I pledge to:  
  • Act with integrity
  • Educate myself, learn, and listen
  • Be respectful
  • Treat others with dignity
  • Represent my constituents by doing what is right and not necessarily popular
  • Be responsive
  • Focus on improving our community, valuing our diversity, and creating a more humane society

I pledge to focus my attention and support on the following issues:

Allied Drive Community: It has been one of the honors of my life to work with the Allied Drive community to move forward, not out. We have made a lot of changes in the last four years and, working with the neighborhood association, the Allied Task Force, residents and service providers, the Allied community continues to grow and strengthen. The problems that remain are not easy to solve: intergenerational racism, discrimination, and poverty are not problems that can be solved overnight. But job training, basic needs, quality jobs, community empowerment, and equal opportunity can be the first steps. Working together, we can keep moving things forward, one step at a time.

Quality Economic Development. As Madison changes and grows, it cannot count merely on government and the University to employ its residents. The recent recession has once again proved how critical it is to maintain and support a strong business culture. However, as we engage the private sector, we’ll face difficult decisions. I will continue to support advancement of the “high road economy,” where investments and decisions (especially public investments such as TIF and infrastructure improvements) benefit those companies who respect the environment, supporting our community, and invest in their employees through family supporting wages and quality benefits.

Additionally, job training and workforce preparation are key elements to any economic development plan. Madison continues to have too many residents and families who reside outside the economic mainstream. This taxes our resources and forces increased investments in public safety. Investments in our families improve our economic development climate, our overall quality of life, and our tax base.

Transportation. I led the fight against a bus fare increase because transportation is such a critical issue in our city. Public transit remains the most critical investment we can make in protecting our beautiful community, reducing our capital budget expenses on road maintenance, bridging our communities, and connecting people to jobs. Transportation is economic development. Through the RTA and strategic investments in Madison Metro, these investments will create new employment opportunities and expand our economy.

Affordable Housing. Affordable housing remains a critical leg in the economic development foundational stool. I’ve seen too many Madisonians live on the brink of eviction because of rental rates. The constant fear of eviction and relocation is bad for our city. It results in instability of families and children, problems for our schools, and a downward cycle for our housing stock. It is simple: unstable housing makes it impossible for children to learn and for parents to succeed. This vicious cycle will continue until we address it.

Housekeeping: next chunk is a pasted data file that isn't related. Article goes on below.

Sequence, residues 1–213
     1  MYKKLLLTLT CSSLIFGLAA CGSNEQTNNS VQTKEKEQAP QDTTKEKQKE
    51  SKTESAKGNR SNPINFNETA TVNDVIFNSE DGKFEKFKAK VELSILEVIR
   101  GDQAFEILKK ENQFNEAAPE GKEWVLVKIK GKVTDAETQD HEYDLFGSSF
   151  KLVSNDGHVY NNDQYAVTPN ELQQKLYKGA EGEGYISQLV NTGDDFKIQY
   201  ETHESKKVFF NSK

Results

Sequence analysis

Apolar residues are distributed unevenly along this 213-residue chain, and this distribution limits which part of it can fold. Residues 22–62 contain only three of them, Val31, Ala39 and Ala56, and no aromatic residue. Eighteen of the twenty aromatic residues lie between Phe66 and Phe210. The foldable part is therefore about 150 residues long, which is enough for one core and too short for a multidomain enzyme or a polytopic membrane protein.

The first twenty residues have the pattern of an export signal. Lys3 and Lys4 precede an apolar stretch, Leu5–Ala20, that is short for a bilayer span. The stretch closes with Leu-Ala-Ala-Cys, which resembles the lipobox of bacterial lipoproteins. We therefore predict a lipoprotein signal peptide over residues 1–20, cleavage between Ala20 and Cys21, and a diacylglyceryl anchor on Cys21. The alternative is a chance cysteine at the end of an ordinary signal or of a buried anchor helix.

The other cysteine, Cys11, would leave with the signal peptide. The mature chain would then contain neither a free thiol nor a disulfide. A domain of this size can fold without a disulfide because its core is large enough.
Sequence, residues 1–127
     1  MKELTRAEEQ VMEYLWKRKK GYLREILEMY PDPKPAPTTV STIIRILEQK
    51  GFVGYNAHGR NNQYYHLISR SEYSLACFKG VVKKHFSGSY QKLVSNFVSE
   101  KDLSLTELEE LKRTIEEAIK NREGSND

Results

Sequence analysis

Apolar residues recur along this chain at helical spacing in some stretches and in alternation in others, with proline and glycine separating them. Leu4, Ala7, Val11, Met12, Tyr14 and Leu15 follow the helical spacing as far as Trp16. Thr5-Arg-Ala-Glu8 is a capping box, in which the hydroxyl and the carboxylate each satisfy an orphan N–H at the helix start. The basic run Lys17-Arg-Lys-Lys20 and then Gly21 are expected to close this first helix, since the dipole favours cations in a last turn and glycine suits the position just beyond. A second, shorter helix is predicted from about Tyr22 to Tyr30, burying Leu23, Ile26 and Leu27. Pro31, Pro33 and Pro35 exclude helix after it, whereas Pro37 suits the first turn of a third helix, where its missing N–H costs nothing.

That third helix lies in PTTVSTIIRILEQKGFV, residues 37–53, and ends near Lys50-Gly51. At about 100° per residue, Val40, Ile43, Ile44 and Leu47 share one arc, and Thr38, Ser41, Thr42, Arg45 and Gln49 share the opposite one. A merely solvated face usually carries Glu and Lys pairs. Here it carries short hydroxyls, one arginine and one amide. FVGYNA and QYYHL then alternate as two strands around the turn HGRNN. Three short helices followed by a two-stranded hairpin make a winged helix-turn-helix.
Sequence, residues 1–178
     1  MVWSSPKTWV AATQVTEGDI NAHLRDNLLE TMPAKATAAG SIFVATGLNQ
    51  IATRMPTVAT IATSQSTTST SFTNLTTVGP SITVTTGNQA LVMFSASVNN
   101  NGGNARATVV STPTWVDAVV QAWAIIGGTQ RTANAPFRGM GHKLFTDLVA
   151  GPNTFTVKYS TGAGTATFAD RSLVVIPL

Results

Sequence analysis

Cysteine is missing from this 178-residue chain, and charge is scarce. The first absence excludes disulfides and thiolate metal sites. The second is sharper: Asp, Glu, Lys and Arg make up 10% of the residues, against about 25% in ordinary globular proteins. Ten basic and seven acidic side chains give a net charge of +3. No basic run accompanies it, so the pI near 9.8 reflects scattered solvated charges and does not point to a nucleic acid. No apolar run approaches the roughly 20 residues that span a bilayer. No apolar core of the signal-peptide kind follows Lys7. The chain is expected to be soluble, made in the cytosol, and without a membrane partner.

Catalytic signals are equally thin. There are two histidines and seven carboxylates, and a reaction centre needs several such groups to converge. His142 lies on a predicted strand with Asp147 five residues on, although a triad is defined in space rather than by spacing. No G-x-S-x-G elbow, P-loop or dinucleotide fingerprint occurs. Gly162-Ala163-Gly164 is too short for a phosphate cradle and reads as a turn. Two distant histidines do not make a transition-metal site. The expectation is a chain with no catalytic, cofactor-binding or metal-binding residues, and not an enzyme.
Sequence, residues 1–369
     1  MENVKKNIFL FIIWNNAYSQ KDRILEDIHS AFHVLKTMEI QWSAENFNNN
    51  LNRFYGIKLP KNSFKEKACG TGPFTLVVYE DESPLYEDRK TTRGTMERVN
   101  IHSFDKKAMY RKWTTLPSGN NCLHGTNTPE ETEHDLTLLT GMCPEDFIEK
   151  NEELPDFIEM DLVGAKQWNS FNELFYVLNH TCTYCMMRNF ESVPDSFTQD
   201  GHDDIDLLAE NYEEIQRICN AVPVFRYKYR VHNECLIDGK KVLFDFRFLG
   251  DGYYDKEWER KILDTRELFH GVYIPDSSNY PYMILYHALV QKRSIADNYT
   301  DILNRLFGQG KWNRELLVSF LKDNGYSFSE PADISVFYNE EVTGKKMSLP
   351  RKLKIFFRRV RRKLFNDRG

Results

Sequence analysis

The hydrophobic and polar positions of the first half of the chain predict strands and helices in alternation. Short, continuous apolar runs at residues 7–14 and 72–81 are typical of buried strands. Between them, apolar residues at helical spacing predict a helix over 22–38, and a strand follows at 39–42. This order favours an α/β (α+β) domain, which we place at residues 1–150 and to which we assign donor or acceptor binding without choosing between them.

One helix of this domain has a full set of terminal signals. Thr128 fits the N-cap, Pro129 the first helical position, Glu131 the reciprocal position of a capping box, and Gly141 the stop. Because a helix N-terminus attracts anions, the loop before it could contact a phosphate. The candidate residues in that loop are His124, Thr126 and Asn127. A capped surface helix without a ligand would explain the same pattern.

Economic Justice and Equal Opportunity. Madison is one of the best cities in America for many reasons. But one important reason is our commitment to economic justice for all Madisonians. When our citizens are educated and employed, there is a decreased need for prisons, jails, police, and other services. Our tax base increases, health care costs decrease, and our economy flourishes. Our commitment to economic justice needs to be reiterated in every discussion regarding the quality of our schools, the affordability of our housing, the accessibility of transportation alternatives, the availability of quality jobs with family supporting incomes, the cleanliness of our environment, and the magnitude of our high-quality employment opportunities.

Madison and Wisconsin both have always stood for what could be. Wisconsin was the first state to offer unemployment, offer workers compensation, and outlaw discrimination against women. The Madison Equal Opportunities ordinance was one of the first passed and remains one of the strongest in the nation. Equal opportunity is about valuing diversity but also about far more than that. It is about ensuring that all of our citizens have access to the same quality of life, regardless of race, ethnicity, sexual orientation, disability, gender, or age. Too many Madisonians still do not have a voice and remain unempowered to improve the lives of themselves and their families.

Land use. I’m older than I was four years ago, but there are still few things I enjoy more than getting on my bike and, in only minutes, being surrounded by rolling farmland. However, the geographic features that make Madison such an incredibly beautiful place also present distinct challenges. As we expand and grow, development pressure continues to intensify. Good land use planning will be critical to ensure that we maintain those qualities that make Madison such a great place to live. As we grow, that may mean building up instead of out. But it also means respecting long term values over short term gain.

Authorized by Friends of Brian Solomon, Ken Golden, Treasurer